A woman stands in front of Mark Rothko's No. 3/No. 13 in the Museum of Modern Art, New York City.





Tuesday, August 8, 2017

"Girls With Pearls"

6 x 8"
oil on panel
sold


I was simply inspired to paint this new piece after I turned on the movie Girl with a Pearl Earring - which, by the way, is an artist's dream of a beautifully visual film.  Every minute is a painting.

Johannes Vermeer was a moderately successful Dutch painter in the 17th century - specializing in domestic scenes in his own middle-class life.   He painted slow and infrequently and insisted on using expensive paints but his signature element was light.

Vermeer wasn't a wealthy man - but his future mother-in-law was wealthy and insisted Johannes convert to Catholicism before marrying her daughter Catharina - and with her help, Vermeer was able to pursue painting.   The couple went on to have eleven children, all who were left penniless and in debt after his death at age 43.

Vermeer's works were hardly known outside of Amsterdam until the 19th century - imagine that.  His famous painting Girl with a Pearl Earring hangs in The Hague in the Netherlands.


Saturday, August 5, 2017

"Repose"

6 x 6"
oil on panel
sold


I spent a WEEK on a painting - yikes - then took a few days off and today I really, really enjoyed painting loose for a change.  I concentrated less on the art and more on the space.  

A woman resting on a bench in the French Impressionists gallery in the Metropolitan Museum of Art in New York City.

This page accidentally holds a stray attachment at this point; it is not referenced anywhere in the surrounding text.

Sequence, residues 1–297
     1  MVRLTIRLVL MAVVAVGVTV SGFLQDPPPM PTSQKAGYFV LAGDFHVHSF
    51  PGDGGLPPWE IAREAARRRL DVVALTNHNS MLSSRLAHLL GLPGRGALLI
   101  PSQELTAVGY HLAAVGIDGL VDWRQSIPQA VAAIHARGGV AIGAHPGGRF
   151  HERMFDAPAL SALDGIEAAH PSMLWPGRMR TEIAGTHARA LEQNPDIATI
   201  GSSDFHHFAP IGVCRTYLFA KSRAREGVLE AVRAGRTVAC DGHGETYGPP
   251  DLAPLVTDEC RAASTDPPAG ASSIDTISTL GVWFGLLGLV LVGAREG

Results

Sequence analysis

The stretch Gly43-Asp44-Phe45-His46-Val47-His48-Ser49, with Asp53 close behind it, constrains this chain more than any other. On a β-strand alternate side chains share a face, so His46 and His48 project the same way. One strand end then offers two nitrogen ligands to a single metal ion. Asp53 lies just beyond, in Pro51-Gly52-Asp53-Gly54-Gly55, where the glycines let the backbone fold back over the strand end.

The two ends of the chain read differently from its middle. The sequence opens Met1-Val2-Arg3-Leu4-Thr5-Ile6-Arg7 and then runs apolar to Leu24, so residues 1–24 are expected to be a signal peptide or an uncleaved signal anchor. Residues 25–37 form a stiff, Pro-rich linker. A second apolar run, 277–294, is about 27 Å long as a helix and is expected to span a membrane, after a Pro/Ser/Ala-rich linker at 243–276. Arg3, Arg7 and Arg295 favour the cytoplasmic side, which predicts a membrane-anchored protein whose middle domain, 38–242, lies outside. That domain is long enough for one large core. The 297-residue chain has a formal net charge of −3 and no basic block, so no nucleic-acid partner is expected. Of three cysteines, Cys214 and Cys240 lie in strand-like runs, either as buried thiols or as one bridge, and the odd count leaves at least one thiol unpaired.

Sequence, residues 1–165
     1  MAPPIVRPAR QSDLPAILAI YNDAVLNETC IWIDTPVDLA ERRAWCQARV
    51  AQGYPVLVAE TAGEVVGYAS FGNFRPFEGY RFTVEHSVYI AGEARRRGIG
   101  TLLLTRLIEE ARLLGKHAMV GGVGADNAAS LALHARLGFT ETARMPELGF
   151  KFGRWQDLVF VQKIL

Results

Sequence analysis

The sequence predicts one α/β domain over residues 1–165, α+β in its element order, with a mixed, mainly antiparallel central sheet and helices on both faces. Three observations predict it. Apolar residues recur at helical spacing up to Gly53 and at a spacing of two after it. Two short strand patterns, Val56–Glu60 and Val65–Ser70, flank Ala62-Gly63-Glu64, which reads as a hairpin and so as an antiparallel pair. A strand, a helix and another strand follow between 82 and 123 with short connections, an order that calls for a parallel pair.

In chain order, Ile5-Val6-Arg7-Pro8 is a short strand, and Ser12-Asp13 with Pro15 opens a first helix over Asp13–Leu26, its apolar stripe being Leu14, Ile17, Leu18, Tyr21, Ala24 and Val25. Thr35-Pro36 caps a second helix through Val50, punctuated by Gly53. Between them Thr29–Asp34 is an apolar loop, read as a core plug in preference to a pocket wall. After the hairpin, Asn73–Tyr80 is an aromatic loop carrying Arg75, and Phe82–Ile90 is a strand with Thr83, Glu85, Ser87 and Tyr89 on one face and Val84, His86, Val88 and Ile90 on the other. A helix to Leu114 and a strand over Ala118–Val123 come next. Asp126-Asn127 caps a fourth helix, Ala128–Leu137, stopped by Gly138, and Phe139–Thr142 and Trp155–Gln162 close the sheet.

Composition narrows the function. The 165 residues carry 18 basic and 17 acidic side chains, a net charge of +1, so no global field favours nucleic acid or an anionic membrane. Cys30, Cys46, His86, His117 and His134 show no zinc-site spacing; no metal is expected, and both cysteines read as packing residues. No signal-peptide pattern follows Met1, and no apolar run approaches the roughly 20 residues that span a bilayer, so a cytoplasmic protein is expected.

Thursday, July 27, 2017

"Surrender"

8 x 6"
oil on panel
sold


I can truly say this is where I'd like to be.

A woman sunbathing on the beach on Hilton Head Island.




Tuesday, July 25, 2017

"Call It a Night"

10 x 10"
oil on panel
sold


If you have a bucket list, add seeing the painting Nighthawks by Edward Hopper in the Art Institute of Chicago.  

Hopper's iconic painting done in 1942 is one of the most recognizable paintings in American art.  Hopper and his wife Jo attended an exhibit of paintings by Henri Rousseau at the Museum of Modern Art - about a month after Nighthawks was hung in a New York gallery - and in attendance was Daniel Catton Rich, the director of the Art Institute of Chicago and Alfred Barr, the director of MOMA.  Jo told Barr he just had to go see Edward's new painting Nighthawks.  It was Rich who went to see it shortly after and purchased it for $3000 and the painting has hung in the Art Institute ever since.